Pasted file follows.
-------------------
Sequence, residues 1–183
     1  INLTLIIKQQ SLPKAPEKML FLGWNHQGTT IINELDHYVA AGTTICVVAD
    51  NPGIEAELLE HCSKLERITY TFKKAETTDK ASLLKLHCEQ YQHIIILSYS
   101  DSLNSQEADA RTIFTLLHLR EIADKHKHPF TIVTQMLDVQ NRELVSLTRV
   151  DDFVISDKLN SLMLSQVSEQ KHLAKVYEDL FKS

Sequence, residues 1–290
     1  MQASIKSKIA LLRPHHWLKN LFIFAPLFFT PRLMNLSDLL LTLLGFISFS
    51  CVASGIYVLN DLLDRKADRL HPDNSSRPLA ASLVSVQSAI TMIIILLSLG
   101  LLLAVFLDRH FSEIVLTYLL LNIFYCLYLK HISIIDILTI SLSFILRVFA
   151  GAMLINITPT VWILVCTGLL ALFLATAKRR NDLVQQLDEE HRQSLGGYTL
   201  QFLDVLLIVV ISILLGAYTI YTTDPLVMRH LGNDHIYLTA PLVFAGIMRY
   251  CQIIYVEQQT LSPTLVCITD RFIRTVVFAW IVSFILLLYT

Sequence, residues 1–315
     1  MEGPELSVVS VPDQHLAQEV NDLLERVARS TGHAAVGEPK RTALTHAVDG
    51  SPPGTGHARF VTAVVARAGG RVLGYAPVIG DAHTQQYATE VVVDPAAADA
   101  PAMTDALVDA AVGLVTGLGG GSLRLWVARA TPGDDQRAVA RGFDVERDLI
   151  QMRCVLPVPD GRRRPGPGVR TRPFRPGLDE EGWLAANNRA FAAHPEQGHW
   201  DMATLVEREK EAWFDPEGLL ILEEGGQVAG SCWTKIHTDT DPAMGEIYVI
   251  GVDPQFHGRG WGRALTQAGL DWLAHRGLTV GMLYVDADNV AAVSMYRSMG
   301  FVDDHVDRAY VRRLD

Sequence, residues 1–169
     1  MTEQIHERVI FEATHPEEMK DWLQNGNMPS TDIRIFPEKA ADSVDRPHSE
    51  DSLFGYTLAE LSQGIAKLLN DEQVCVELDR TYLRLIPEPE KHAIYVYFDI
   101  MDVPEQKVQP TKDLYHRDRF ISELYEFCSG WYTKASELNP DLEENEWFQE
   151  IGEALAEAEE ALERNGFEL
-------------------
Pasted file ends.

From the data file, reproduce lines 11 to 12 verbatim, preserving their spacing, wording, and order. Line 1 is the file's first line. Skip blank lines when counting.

   201  QFLDVLLIVV ISILLGAYTI YTTDPLVMRH LGNDHIYLTA PLVFAGIMRY
   251  CQIIYVEQQT LSPTLVCITD RFIRTVVFAW IVSFILLLYT